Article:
3

I want to replace all instance of abc with 123 provided it isn't preceded by https://.

Code:

file=Data.txt
Initial="# Start";
orig="abc";
new="123"; 

Final="$" # Line Number
sed -r -e "/${Initial}/,${Final}s/${orig}/${new}/g" ${file} # Final doesn't accept $

Data:

# Start

abc.md
https://abc.md
The path is https://abc.md for abc.md
The path for abc.md is https://abc.md 

Expected Output:

# Start

123.md
https://abc.md
The path is https://abc.md for 123.md
The path for 123.md is https://abc.md 

How can I achieve this?


Note: I also need to use ${Initial} and ${Final} to denote between which the pattern might exist.

This answer doesn't work for the case The path is: https://abc.md abc.md

4
  • Would you be happy with a solution that uses line numbers (not regular expressions for addressing the relevant bit of the input)? – Kusalananda Dec 13 '18 at 12:13
  • @Kusalananda No, because the line numbers are nof fixed. – Porcupine Dec 13 '18 at 12:15
  • Is the substitution always happening from the matching of some pattern and to the end of the file? – Kusalananda Dec 13 '18 at 12:18
  • @Kusalananda Yes the substitution happens between ${Iniital} and to end of the file. – Porcupine Dec 13 '18 at 12:19
4

What you are looking for is negative-look-behind, which neither sed or awk supports. I recommend going with perl, e.g.:

file=Data.txt
export Initial="# Start"
export orig="abc"
export new="123"
export Final="5"

perl -pe '
 $flag=1 if /$ENV{Initial}/;
 s,(?<!https://)$ENV{orig},$ENV{new},g if $flag;
 $flag=0 if $. == $ENV{Final};
' $file
6
  • Does not work with The path is https://abc.md for abc.md as per the OP's updated requirement. I updated my answer, and I think you can update yours ;-) – sudodus Dec 13 '18 at 18:41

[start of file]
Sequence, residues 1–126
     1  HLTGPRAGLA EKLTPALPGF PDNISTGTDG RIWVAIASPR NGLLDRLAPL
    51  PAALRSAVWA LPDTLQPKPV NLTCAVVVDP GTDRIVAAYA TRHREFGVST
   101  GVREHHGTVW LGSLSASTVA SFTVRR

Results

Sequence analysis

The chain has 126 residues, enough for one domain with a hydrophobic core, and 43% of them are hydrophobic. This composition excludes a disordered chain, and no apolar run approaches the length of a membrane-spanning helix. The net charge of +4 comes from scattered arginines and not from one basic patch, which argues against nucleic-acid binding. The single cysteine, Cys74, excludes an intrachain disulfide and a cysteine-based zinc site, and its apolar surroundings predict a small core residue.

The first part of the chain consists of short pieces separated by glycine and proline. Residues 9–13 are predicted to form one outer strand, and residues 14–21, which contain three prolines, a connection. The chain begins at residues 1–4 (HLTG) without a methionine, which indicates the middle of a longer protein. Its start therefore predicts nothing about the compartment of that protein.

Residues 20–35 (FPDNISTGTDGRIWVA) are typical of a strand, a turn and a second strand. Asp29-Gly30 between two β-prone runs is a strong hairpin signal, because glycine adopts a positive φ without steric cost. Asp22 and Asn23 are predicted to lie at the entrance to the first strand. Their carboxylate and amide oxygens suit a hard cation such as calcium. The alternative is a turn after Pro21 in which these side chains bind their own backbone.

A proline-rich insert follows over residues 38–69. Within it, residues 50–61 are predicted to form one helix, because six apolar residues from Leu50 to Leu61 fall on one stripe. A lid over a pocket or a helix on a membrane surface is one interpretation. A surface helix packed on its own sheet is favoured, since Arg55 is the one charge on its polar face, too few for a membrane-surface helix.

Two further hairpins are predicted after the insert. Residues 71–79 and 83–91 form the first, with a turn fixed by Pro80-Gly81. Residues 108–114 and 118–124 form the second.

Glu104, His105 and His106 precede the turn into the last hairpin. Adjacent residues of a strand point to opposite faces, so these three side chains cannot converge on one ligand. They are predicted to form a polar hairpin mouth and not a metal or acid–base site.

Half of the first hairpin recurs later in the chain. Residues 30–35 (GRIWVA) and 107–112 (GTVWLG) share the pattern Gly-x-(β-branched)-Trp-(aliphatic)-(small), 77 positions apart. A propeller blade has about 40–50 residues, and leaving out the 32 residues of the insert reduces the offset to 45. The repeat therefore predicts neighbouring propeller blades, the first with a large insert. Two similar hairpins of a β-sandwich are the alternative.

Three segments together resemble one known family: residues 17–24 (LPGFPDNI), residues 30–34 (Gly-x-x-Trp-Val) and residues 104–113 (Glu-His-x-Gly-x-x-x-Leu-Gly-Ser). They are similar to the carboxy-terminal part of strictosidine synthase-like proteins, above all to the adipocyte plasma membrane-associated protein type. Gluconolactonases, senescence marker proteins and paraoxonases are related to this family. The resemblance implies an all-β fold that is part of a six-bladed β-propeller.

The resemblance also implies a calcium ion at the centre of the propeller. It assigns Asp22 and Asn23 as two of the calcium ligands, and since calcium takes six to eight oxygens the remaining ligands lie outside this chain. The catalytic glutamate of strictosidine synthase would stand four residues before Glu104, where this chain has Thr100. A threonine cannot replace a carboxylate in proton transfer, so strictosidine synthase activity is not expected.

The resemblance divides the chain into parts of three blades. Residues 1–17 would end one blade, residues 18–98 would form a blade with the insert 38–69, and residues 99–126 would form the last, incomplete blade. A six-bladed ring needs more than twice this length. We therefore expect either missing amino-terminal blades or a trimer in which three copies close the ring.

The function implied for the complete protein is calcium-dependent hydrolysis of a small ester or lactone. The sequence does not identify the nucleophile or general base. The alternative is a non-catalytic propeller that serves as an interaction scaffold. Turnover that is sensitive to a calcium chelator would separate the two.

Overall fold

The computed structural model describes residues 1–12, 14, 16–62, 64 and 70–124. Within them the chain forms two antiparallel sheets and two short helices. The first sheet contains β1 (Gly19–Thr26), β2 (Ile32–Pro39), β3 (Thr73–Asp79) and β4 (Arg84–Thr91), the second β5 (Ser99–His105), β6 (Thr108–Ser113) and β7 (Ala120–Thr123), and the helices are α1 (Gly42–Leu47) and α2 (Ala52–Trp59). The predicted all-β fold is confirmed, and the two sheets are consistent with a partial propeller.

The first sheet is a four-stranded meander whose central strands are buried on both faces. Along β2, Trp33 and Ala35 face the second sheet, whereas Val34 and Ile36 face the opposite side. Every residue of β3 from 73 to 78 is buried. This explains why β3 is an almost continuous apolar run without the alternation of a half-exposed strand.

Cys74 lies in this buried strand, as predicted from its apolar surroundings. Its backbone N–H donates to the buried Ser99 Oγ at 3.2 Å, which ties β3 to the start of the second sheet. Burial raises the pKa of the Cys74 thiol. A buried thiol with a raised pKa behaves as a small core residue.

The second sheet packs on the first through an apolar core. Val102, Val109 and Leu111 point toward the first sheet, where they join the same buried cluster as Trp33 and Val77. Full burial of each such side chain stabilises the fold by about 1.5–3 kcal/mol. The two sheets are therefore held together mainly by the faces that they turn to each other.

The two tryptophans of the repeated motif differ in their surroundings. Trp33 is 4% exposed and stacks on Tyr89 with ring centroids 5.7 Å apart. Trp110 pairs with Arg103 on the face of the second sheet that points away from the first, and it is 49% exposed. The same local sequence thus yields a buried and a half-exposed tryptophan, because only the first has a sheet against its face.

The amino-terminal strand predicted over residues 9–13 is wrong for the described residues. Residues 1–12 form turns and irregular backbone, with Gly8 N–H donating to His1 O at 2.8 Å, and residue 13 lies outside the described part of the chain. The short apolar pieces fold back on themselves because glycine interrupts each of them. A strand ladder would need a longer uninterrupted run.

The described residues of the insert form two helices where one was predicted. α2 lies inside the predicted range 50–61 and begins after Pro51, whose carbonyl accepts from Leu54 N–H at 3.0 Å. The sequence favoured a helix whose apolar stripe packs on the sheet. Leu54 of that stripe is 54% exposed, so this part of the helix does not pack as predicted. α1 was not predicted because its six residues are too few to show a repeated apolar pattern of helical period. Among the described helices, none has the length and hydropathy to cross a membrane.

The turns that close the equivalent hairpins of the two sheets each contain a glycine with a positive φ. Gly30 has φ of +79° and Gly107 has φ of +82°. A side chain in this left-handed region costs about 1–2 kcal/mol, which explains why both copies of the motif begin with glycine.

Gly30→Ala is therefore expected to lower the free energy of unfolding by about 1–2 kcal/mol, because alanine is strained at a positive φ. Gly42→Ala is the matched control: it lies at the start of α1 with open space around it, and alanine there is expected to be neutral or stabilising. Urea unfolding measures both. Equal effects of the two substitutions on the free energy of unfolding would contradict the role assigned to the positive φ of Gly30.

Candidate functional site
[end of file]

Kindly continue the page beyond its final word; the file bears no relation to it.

• @sudodus: It does if it occurs before the Final line, line number 5 in the above example – Thor Dec 13 '18 at 18:43
  • You are right about that. (A bit difficult to see for a perl illiterate, but it works) :-) – sudodus Dec 13 '18 at 18:47
  • @Thor How to make Final as the last line? In sed we use $. – Porcupine Dec 13 '18 at 23:11
  • 1
    @Nikhil: You can also set Final to 0, which will never be true – Thor Dec 14 '18 at 6:34
2

You could temporarily change all instances that start with https://to something else, not containing abc, and change them back when you've finished.

Lazy method

sed -e 's_https://abc_protected_g;/# Start/,$s_abc_123_g;s_protected_https://abc_'

You'll have to pick some value for the temporary string, that you can be certain won't appear in your input (and doesn't contain any special characters that would interfere with sed or shell quoting). I used protected but something more distinctive is advisable.

Thorough method

If you can't be certain that your temporary string won't occur in the input, a longer but safer alternative would be to use two replacement strings:

sed -e 's/X/Xv/g;s_https://abc_Xu_g;/^# Start/,$s/abc/123/g;s_Xu_https://abc_g;s/Xv/X/g'

The requirements of these two temporary strings are:

  • They have a common prefix (I used X, but it can be longer/more readable)
  • They don't occur within the other variables: orig, new, Initial or Final
  • As before, they don't contain characters that would break the sed expression
3
  • It is interesting to see PCRE features implemented in a pure BRE way, in a single sed invocation. I am wondering whether other PCRE features have their equivalents as well. – Weijun Zhou Dec 14 '18 at 2:10
  • @WeijunZhou As noted elsewhere this does not reimplement negative lookaheads, only the subproblem of negative lookaheads with a static string. Some Perl / PCRE extensions are purely convenience / syntactic sugar which is straightforward (but often cumbersome or boring) to replace with traditional regex, but e.g. lookarounds genuinely extend the formalism to something which is no longer theoretically equivalent (reducible) to regular expressions. – tripleee Dec 14 '18 at 6:13
  • There is no contradiction. A PCRE not being reducible to regular expression is one thing, and I agree on that. Using sed to modify the text to assist in pattern matching is another thing, which is no longer simple pattern patching and hence does not contradict. To put it more clearly, there is still no way to use grep to match lookaround patterns with BRE or ERE. – Weijun Zhou Dec 14 '18 at 7:40

Your Answer

By clicking “Post Your Answer”, you agree to our terms of service, privacy policy and cookie policy

Not the answer you're looking for? Browse other questions tagged or ask your own question.